- Remember, fireworks are dangerous
- Wallace asks citizens to fight cuts
- Dispute over state payroll rolls on
- Why fight over free trade confounds partisan divide
- Still no state budget
- Crime control is not the responsibility of landlords
- Fly over to the Poplar Grove Wings and Wheels Museum benefit
- Local leaders warn of budget deadlock’s impact
- SHUTDOWN: Illinois preps for the worst
- TRRT Online Edition | July 1-7
Statehouse News: Democratic county chairmen confident in 2012 prospects
By Andrew Thomason
Illinois Statehouse News
SPRINGFIELD, Ill. — Partisan turmoil in Washington, D.C., and here isn’t discouraging Illinois Democratic faithfuls’ confidence in their ability to win big in the 2012 elections.
Hundreds of frontline Democrats gathered at the annual Democratic County Chairmen’s breakfast at the Crown Plaza Hotel before heading to the 158th Illinois State Fair. President Barack Obama, meanwhile, made public appearances in the northwestern part of his home state Wednesday, Aug. 17, as part of his three-day tour of the Midwest.
Party chairmen statewide said the 2012 general election, in which all state legislators and U.S. representatives must run for re-election in modified districts because of redistricting, would skew in their party’s favor.
“I fully expect that with the energy from the top of the ticket — the congressional races — it’s just going to come all the way down, and I think it will not only come down-ticket, but it will also come downstate, starting in Chicago and come all the way down to southern Illinois,” said Monroe County Democratic Chairman Alan Pirtle.
Following Democratic gains in the 2008 election, Republicans seized on the rising popularity of the fiscal conservative movement to seize a majority in the U.S. House and make gains in other elected offices. This momentum was experienced in Illinois, as Republicans unseated several Democratic incumbents in Congress, the General Assembly and statewide offices.
Democratic county chairmen in Illinois said they are hoping the voters’ frustration over the toxic national debt-ceiling debate in Washington, D.C., and the sputtering national economy with its lagging unemployment will help them reverse some of the GOP gains in 2012.
Ogle County Democratic Chairman Holly Johnson said she attended the breakfast rather than Obama’s visits to Atkinson and Alpha.
“I think everybody is frustrated with both sides. I’m really frustrated with both sides, but I think if we can get the word out and people understand what’s going on, I do think the anger will” work in favor of the Democrats, Johnson said.
East of Ogle, Grundy County Democrats watched their county switch allegiances in 2010, as U.S. Rep. Adam Kinzinger, R- Manteno, ousted Democratic incumbent Debbie Halvorson in the 11th Congressional District.
Grundy County Democratic Chairman Mike Olewinski said: “I think this is not the same as 2010. I think what you’re going to see is a lot of people realize that the party politics that got pushed through last year are not doing the county or the state or the country any good, and that they need to elect people that are going to move forward.”
Illinois Republican Party Chairman Pat Brady said the reality of what’s happening in Illinois, where Democrats hold the governor’s office and majorities in both chambers of the Legislature, will not only maintain the momentum from the previous election in support of Republicans, but will add to it.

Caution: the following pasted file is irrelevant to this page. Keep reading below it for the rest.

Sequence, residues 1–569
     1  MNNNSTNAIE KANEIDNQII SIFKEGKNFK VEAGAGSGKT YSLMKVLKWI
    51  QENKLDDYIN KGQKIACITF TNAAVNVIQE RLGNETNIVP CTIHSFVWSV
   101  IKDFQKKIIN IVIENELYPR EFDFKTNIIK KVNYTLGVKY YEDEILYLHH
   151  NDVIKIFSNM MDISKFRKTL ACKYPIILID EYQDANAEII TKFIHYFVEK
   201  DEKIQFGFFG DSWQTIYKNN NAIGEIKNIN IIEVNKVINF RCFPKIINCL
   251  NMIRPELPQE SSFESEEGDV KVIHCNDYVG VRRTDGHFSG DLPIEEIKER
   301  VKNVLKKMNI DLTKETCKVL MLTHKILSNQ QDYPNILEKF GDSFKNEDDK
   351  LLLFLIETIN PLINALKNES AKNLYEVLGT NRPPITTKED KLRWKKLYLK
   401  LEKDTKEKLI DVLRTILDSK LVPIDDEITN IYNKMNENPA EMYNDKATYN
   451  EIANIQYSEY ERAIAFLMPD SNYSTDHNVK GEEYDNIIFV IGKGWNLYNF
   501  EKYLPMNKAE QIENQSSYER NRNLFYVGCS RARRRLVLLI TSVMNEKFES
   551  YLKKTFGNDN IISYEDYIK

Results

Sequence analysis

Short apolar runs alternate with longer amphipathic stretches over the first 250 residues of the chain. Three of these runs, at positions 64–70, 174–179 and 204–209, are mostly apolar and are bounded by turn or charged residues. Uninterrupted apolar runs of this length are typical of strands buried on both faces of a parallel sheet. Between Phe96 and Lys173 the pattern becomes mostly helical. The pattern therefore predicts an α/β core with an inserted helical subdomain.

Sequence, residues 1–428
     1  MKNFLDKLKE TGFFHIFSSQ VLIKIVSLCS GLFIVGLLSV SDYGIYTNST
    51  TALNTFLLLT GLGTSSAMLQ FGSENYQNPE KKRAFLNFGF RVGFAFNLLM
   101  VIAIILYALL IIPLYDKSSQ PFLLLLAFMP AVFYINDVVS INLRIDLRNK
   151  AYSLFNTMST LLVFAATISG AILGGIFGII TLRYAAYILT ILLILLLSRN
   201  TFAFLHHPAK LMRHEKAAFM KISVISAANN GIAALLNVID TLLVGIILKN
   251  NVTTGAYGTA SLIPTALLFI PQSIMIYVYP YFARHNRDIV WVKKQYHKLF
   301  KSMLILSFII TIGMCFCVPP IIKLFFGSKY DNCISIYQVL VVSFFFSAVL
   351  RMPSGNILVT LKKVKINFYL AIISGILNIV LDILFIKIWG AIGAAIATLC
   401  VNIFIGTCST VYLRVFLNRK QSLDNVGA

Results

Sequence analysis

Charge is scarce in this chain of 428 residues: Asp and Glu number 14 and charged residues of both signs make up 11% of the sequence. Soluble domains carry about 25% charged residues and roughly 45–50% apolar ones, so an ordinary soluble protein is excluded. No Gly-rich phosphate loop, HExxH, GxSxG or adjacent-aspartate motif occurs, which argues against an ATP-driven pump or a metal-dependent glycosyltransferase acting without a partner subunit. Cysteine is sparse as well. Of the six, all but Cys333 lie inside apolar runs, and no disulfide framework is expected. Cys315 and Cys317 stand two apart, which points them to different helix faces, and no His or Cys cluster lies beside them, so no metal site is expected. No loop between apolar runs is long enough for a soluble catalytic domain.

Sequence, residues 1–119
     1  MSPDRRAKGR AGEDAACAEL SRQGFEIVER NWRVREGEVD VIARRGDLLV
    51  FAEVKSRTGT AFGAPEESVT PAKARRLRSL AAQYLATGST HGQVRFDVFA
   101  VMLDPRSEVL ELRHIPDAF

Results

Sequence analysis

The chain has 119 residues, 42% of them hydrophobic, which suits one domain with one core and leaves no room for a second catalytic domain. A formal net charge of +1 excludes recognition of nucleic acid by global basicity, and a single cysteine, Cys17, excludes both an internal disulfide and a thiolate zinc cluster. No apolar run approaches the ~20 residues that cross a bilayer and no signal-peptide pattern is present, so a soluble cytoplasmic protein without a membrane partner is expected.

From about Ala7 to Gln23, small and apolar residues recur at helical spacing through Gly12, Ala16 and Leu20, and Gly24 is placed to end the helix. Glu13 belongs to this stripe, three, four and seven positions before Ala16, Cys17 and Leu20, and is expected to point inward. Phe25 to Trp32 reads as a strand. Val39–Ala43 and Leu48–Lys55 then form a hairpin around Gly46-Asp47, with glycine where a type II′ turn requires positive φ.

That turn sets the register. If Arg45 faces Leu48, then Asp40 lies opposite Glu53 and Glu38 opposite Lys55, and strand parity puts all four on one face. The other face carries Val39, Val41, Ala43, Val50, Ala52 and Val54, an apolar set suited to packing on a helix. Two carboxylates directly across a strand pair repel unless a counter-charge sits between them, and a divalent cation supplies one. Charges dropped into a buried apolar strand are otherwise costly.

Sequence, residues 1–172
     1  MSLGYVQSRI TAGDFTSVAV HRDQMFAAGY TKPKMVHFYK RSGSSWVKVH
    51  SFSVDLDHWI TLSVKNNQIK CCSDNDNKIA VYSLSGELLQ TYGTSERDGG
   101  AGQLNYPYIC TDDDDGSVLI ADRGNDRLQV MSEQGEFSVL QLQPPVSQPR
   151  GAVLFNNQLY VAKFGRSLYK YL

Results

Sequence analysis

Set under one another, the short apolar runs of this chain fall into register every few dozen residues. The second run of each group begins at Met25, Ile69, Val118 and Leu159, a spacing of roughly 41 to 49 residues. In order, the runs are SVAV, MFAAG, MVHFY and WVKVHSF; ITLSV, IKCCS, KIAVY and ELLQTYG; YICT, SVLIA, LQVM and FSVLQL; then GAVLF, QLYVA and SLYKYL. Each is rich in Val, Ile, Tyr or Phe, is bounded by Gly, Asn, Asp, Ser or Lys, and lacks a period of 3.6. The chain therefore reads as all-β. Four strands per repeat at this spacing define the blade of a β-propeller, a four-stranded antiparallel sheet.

“If you want to come to a state that is completely screwed up, not only by the local Democrats but by the national Democrats, I invite you to come to Illinois and spend a week here,” Brady said. “You will see the worst state insofar as how this state is managed from a fiscal perspective.”
Democratic county chairmen disagreed with Brady’s attempt to link their party to the state’s fiscal problems, such as the $4 billion in overdue bills the state owes. Instead of focusing on national politics, where casting stones is easier because officials aren’t as visible in smaller neighborhoods, many chairmen said they have set their goals on keeping Democrats in local offices during the 2012 race.
In Peoria County, for example, state Sen. Dave Koehler, D-Peoria, has announced his ambition to run for the 17th Congressional District in the U.S. House, creating an open race for his statehouse office, which is usually more competitive because of the lack of incumbent name recognition.
“We’ve got to keep that (state) senate seat. You know, Dave Koehler, we’ve got to keep that seat, there’s no doubt,” Peoria County Democratic Chairman Billy Halstead said.
Much of the Democratic county chairmen’s faith in a big 2012 victory is founded on the belief that the more conservative candidates who helped Republicans make big gains in 2010 will hurt their party in the upcoming elections.
“The frustration is because of what’s happening with the tea party and what’s happening with the Republicans. … As things develop, we’re going to see a trend move towards Democrats,” DuPage County Chairman Bob Peickert said.
Brady doesn’t see it that way. He said that in Illinois, a state controlled by Democrats, the numbers should favor Republicans.
“We have the worst deficit in the country, we have the worst debt in the country, we are the fourth-worst state in the union as a place to do business,” Brady said. “President Obama, your buddies in Illinois have done a miserable job of handling the economy in this state.”